The Mackinac Center for Public Policy is a nonprofit, tax-exempt organization with an operating budget of $4 to $6 million a year. The organization’s website says that it “enjoys the support of foundations, individuals, and businesses who share a concern for Michigan’s future and recognize the important role of sound ideas.” Originally named the Michigan Research Institute, the organization was founded in 1987 as a state-level conservative policy think tank in Michigan.
In 2013, The American Prospect revealed how the organization laid the groundwork for conservative issues that eventually got signed into law, such as right-to-work and reductions in welfare. The article also detailed how the organization is connected to the State Policy Network (SPN):
“One of the best things SPN does is sponsor get–togethers where we can share ideas and learn from each other,” says Joseph Lehman, the president of Michigan’s Mackinac Center for Public Policy, the think tank that played a central role in passing right-to-work in that state. “I would say that it is the most exciting and energetic meeting of freedom-minded people that I go to every year.”
SPN is a coordinated network of conservative think tanks in nearly every state of the country. It drives corporate-backed American Legislative Exchange Council (ALEC) model bills in state capitals by issuing reports and testifying in favor of legislation.
The New Yorker’s Jane Mayer detailed SPN’s work and wrote, “Although the think tanks have largely operated under the radar, the cumulative enterprise is impressively large, according to the [Center for Media and Democracy] report.”
SPN contributed a total of $222,839 to the Mackinac Center from 2012 through 2016 through grants classified as energy research, economic freedom research, tax and budget research, travel scholarships, healthcare policy research, educational product development, the We the People project, and a debate series.
In 2013, Columbia Journalism Review wrote about the Mackinac Center for Public Policy’s media strategy to advocate for conservative issues:
“Mackinac has a two-part media strategy. The first, more traditional flank involves putting out a steady stream of reports designed to move the state’s news agenda, and making its analysts readily available to journalists … The second, more novel part of Mackinac’s strategy is to make its own media. The center publishes the polished Michigan Capitol Confidential news site—CapCon for short.”
According to DeSmog Blog, the Mackinac Center was created with seed money from the Cornerstone Foundation, as well as $335,986 from various officials of Dow Corning and Dow Chemical. Other large donors include DonorsTrust and its sister organization, Donors Capital Fund.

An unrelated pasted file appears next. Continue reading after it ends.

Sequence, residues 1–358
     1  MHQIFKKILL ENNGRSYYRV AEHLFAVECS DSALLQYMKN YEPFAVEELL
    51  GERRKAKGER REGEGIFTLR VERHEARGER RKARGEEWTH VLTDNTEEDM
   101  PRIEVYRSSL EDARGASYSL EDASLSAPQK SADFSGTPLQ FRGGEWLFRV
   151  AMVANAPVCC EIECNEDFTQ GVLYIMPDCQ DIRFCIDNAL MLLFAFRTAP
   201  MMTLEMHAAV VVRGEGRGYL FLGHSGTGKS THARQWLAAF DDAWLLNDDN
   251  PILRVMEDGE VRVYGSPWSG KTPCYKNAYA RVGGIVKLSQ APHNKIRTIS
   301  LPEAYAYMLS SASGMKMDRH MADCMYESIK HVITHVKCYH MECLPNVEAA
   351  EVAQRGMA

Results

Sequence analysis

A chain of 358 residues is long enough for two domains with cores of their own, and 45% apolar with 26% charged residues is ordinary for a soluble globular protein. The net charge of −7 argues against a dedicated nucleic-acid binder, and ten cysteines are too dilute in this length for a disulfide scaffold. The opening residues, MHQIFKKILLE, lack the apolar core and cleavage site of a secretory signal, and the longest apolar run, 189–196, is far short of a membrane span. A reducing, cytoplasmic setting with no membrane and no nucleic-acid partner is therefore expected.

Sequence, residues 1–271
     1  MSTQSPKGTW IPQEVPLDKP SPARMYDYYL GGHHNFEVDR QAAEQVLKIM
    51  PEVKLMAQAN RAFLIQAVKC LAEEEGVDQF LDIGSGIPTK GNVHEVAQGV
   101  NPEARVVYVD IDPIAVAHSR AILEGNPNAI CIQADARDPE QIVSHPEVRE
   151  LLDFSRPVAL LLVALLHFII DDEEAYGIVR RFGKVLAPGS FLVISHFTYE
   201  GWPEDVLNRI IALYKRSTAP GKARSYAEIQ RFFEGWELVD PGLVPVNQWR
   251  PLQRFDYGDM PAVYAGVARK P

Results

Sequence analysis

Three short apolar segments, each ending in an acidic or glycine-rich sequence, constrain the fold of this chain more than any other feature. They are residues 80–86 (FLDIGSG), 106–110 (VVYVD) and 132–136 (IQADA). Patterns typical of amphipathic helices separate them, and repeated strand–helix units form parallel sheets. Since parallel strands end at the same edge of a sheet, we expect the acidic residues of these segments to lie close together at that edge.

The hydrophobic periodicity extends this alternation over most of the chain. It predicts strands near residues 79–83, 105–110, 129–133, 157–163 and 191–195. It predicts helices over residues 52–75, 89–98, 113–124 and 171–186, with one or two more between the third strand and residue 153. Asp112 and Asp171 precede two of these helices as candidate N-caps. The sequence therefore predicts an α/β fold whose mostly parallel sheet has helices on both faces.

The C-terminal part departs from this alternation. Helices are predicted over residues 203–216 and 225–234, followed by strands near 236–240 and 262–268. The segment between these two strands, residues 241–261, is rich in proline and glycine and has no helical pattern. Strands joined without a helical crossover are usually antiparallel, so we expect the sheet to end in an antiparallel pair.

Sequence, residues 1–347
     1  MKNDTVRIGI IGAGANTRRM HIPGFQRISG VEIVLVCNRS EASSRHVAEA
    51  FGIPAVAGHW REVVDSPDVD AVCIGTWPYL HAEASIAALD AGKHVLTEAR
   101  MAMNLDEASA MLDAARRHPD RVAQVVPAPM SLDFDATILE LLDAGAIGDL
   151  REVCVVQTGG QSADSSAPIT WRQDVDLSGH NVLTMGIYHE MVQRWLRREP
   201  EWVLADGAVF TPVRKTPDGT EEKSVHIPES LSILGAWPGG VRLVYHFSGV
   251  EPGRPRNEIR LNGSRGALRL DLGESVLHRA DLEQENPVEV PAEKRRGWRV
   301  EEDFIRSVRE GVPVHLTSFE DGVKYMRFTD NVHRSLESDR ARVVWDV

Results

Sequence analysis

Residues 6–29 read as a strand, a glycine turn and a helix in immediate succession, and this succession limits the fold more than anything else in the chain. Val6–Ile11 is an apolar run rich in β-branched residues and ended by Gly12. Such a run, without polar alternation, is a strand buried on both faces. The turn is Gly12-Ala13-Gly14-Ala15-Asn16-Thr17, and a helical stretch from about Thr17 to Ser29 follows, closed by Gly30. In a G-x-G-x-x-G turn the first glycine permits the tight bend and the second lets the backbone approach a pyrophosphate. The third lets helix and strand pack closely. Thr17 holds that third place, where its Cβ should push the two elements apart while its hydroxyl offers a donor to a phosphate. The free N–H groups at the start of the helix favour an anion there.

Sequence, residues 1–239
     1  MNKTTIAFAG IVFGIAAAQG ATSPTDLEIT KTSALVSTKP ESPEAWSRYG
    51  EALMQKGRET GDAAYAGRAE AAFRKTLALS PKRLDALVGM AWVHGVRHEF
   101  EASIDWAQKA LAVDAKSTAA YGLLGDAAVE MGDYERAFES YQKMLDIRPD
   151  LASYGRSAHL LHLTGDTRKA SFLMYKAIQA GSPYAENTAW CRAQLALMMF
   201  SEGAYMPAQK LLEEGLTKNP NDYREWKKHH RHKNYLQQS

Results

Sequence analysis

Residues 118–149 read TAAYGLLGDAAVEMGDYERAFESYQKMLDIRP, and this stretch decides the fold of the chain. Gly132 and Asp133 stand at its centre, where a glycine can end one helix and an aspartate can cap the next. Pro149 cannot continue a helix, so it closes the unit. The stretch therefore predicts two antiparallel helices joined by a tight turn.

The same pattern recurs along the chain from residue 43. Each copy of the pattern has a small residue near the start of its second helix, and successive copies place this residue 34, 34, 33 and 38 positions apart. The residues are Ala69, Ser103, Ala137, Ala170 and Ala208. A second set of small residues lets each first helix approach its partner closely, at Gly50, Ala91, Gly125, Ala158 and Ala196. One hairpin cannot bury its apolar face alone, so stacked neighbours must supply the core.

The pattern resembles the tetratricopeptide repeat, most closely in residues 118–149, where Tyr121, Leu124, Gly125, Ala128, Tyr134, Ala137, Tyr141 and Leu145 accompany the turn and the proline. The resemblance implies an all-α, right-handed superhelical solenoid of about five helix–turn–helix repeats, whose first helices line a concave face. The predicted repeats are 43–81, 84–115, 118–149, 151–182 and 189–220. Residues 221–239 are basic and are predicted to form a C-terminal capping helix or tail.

Donors Capital Fund and DonorsTrust have been described as the Koch brothers’ conduit and a “dark money ATM of the conservative movement in the US.” They allow for anonymous donations, mostly from conservative individuals and foundations, to flow to organizations while hiding their identity through “donor advised funds.”
In 2012, the Mackinac Center for Public Policy and the Beacon Hill Institute released a flawed and biased study about the costs of implementing Proposition 3, a proposal to increase the state’s renewable energy standard to 25% by 2025, which was then used in the utility-funded opposition group’s attack ads.
According to Progress Michigan, Mackinac has received generous funding from the Charles G. Koch Foundation in support of efforts to oppose environmental protection policies. The foundation gave $79,151 between 2005 and 2009. During this period of time, the Mackinac Center released reports supporting the “No-More-Stringent” law in Michigan, which prohibited the Department of Environmental Quality from adopting any regulation more stringent than the federal government. Opposition to environmental regulation would be beneficial to Koch Industries various interests and the corporation is a known repeat offender of EPA regulations.
The Mackinac Center regularly publishes articles questioning man-made climate change. The Center has questioned prominent climate policy consultants, and have historically cited the work of skeptical individuals and organizations such as the Cato Institute. From 2000 through 2002, ExxonMobil – which was engaged in a campaign to sow doubt about the facts about climate change – contributed $30,000 to the Mackinac Center. In 2001, James Sheehan, an adjunct scholar with the Mackinac Center, applauded President Bush’s veto of an EPA plan to regulate carbon dioxide emissions.